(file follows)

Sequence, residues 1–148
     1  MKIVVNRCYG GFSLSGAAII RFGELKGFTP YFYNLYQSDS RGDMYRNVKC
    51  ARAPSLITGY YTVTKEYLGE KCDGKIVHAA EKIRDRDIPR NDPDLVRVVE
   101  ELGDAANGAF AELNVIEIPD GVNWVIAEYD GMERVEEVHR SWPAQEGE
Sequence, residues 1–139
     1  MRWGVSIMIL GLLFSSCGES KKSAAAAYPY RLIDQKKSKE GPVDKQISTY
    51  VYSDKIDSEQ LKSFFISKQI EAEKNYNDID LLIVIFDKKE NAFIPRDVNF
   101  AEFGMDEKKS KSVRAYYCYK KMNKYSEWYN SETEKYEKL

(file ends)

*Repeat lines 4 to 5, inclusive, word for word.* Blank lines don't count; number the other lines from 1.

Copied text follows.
   101  ELGDAANGAF AELNVIEIPD GVNWVIAEYD GMERVEEVHR SWPAQEGE
Sequence, residues 1–139